Birmingham Police recently celebrated the one-year anniversary of its Real-Time Crime Centre, which Commissioner Scott Thurmond said had not only helped solve many crime problems, but more technology was being developed.
“If we make progress, we have to use technology to tackle crime,” Thurmond said Monday. “Criminals use it, so we have to be one step ahead. We were successful in our first year.”
The $3 million center was unveiled in October. On January 19, 2021, all-seeing field technology is available in a hub on the fourth floor of the police headquarters.
The center uses real-time technology and data-driven intelligence to increase crime prevention, apprehension and resolution.
The state-of-the-art facility is modeled on best practices elsewhere, such as Chicago, Detroit and New York City—all centers visited by Birmingham officials.
When the center opened, police touted the technology, which included automatic license plate readers — high-speed, computer-controlled camera systems often mounted on poles, street lights, highway overpasses, mobile trailers or attached to police cars. ALPR captures all license plate numbers that come into view, along with location, date and time.
The data includes photos of the vehicle and sometimes the driver and passengers, which are then uploaded to a central server.
Readers help with every level of crime, from stolen vehicles to tracking down violent suspects.
Another feature when the center opens is new body camera technology, which allows crime center staff to turn body-worn cameras on and off remotely.
Thurmond said the investment was a smart one.
detection. On Monday, Ronald Davenport spoke about the 2021 Gate City homicide, with video from the centre capturing a man firing a hailstone in Gate City that killed 24-year-old Roderick Tavarre Roderick Tavares Chester Jr.. A young child was also injured by glass and shrapnel.
Within minutes, the center was able to provide detectives with possible witnesses, including the vehicle that was in motion when the suspect fired the AR-15, Davenport said. The center also used video cameras to capture the images, which were later distributed to the public.
All of this culminated in a death penalty murder charge against the suspect.
Without the center, Davenport said, detectives might have found the suspect, but said it would take longer.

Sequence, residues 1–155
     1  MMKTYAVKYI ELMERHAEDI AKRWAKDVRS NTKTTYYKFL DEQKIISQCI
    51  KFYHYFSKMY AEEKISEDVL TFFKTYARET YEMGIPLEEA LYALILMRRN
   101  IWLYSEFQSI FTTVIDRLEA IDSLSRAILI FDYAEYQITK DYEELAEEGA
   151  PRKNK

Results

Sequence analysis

“The sooner we get that person off the street and get that gun out of the public’s hands, that’s a win for us and a win for the community,” Thurmond said.
detection. Ben Jackson said the center also provided invaluable assistance in addressing property crime.
Just recently, Jackson said, there have been burglaries at businesses across the city.
“Most of these businesses have video,” Jackson said.
The videos were submitted to the center, which was able to provide investigators with the information they needed to obtain warrants for more than a dozen felony arrests.
“We’ve been able to solve the case and get justice,” Thurmond said.
As the center continues to grow, Thurmond said he is excited about the new technology that will be added.
In the near future, the public will be able to register their home and/or business surveillance cameras into the Live Crime Center’s system, the chief said. The new software will allow those cameras to come into the center.
“We’re not going to sit there and monitor their homes, but if there’s a crime happening on their street, we’re definitely going to have the live crime center review it to see if it can give us clues to help solve the crime,” Thurmond said. Say.
Another new feature will be Axon’s Fleet 3. Cameras mounted on police cars will provide panoramic footage instead of what they do now – which is recorded in the direction the camera is facing.
“This will provide additional footage that we can leverage,” Thurmond said.
Another upcoming feature is Axon Capture, a software program that allows the public to send police videos and photos relevant to criminal investigations.
“If we continue to build this, we’re figuring out which technology works best,” Thurmond said.
“We want to be the panacea for the community,” he said. “Real-time crime hubs are key to our solution and prevention of crime. They have the technology to connect the dots.”